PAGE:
Ep 3 & 4 so clear, thankyou George. Looks like 'noise floor' is individual: not just what we measure but in relation to how much sound we give the mic. 'Booming' voices or cartoon pipes can turn the wick down and with it the noise. Quiet guys like me might get in closer! With your method, my TW meter reads better than -60 peak (rural location) so it would be interesting to learn what's seen as good or excellent across various industries.
Hey, you've got style Ed!
Wonderful! Do you know Maurice Winnick's 'Kentucky'? A great tune 'with vocal refrain' and I kept the two halves of my broken 78 for years. It's the one recording that doesn't seem to pop up anywhere.
Great characterisation. If you record more, they'll benefit from a less boomy room acoustic, so we can really hear you!
A brilliant service, complemented by creativity and humour in their video.
Good power tip there for anyone who sings, acts, or speaks in public
Fantastic result - the ears have it! What's impressive too is the speed of installation, and no choking adhesives.
Unique to an active analogue compressor (though not all types) is the overshoot on the leading edge of sounds. It's often used creatively to restore a sense of attack to drums, and it can spice up vocals. That's OK for a singer, though it easily sounds ugly on what I record which is plain solo speech. My compromise for narration is moderate analogue, about 2:1, followed by mild DSP. Never pushing either too hard!
Funny thing is, this 'performance' led to a first on-camera booking - as a respectable, non-speaking businessman, in a heavy-metal rock video!
Outstanding sound and vision so why such minimal support for Mac? I had to send my C910 back for refund. All sorts of things it just would not do on my Snow Lep, quite apart from the limited control. Logitech must wake up on this matter, and as Phil says, they should spell things out in their documentation.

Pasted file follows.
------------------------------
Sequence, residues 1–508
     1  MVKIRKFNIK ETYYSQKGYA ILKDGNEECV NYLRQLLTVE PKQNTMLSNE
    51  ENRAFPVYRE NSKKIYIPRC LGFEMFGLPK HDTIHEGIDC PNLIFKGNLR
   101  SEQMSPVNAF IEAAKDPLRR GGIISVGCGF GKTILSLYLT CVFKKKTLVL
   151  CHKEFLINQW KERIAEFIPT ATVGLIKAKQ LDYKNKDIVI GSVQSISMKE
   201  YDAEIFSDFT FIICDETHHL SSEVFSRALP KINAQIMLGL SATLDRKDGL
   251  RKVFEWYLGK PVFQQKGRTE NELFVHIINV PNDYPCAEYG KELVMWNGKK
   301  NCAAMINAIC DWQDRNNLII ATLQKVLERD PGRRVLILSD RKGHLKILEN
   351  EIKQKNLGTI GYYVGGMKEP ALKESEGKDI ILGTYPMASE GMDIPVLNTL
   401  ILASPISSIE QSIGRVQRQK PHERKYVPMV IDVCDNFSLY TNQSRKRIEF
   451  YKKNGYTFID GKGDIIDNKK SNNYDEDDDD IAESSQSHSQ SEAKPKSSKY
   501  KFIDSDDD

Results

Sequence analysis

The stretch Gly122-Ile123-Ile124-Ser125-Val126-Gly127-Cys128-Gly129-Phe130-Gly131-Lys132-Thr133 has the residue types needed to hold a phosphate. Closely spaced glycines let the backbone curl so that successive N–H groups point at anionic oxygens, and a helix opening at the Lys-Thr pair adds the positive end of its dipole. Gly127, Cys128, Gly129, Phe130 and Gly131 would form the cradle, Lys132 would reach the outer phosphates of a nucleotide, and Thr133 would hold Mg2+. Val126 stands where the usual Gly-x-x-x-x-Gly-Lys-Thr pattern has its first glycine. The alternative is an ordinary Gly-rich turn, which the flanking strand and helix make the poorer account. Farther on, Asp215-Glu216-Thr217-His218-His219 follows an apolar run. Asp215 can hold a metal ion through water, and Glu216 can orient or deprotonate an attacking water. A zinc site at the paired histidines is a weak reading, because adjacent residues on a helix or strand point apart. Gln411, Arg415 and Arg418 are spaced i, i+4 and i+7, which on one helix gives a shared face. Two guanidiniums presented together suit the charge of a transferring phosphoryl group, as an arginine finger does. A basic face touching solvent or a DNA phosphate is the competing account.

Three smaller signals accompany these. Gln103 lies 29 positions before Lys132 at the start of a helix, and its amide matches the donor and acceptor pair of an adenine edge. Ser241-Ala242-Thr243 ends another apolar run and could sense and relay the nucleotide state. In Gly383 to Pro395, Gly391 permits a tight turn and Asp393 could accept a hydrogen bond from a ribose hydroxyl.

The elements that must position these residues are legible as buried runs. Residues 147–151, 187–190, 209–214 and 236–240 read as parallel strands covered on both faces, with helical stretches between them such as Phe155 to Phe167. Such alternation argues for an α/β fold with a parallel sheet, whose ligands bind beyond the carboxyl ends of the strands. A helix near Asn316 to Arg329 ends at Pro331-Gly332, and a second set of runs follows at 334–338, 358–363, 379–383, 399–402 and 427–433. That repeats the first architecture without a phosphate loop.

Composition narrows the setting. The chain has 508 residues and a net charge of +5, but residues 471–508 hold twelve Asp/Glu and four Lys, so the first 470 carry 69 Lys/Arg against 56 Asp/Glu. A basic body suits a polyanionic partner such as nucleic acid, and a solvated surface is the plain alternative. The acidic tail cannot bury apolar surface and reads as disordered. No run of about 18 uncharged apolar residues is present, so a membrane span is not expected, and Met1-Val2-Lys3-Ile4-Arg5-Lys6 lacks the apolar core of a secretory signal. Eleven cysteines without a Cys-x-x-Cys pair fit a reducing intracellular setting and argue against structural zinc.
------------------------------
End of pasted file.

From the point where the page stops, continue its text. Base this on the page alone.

Ancient Sennheiser HD580 headphones definitely respond all the way across. But they don't have the 'feel' of a speaker sub. Very useful - thanks to you Gadman.
HHGTTG got a mass following in UK when it launched in 1978 on the BBC's national Radio Four. Memorable droll performances from comic actor Peter Jones, and from sound effects genius Paddy Kingsland. Sample tile: The Restaurant at the End of the Universe. Whimsical and intelligent, the source of legend, as Kaushik notes: 'the Answer to the Universe is 42'. R.i.p. dear Douglas.
Sounds more convincing than speakers usually do when re-recorded. What a great demo. I use an eight-inch Celestion driver on a two foot tall stand for checking voice recordings: much more natural and revealing than any boomy/tubey box that I could reasonably afford. Had no idea there's a community of the baffle-free!
Take a look also at the new (announced December 2012) Leap Motion. It's like a kinect: you don't touch anything, just gesture over the little gizmo which is about the same price as the MT. I haven't bought it yet: trying to decide between these two possible ways to control audio tracks for editing. Like others, I am fed up with Magic Mouse dropouts and battery-charging.
Hey, really great demo... but I want to agree with trackend1 that an analogue meter still has some advantages for fine-tweaking DC or audio levels. And you can read it from the corner of your eye while you are focused on aiming the probe. And it will reveal a fast fluctuation in a voltage, which the digi won't. But I'm just an audio guy!
Fascinating and, like Nick Humphrey's books, presented with style and humour. I really would like to know the time and location of this lecture.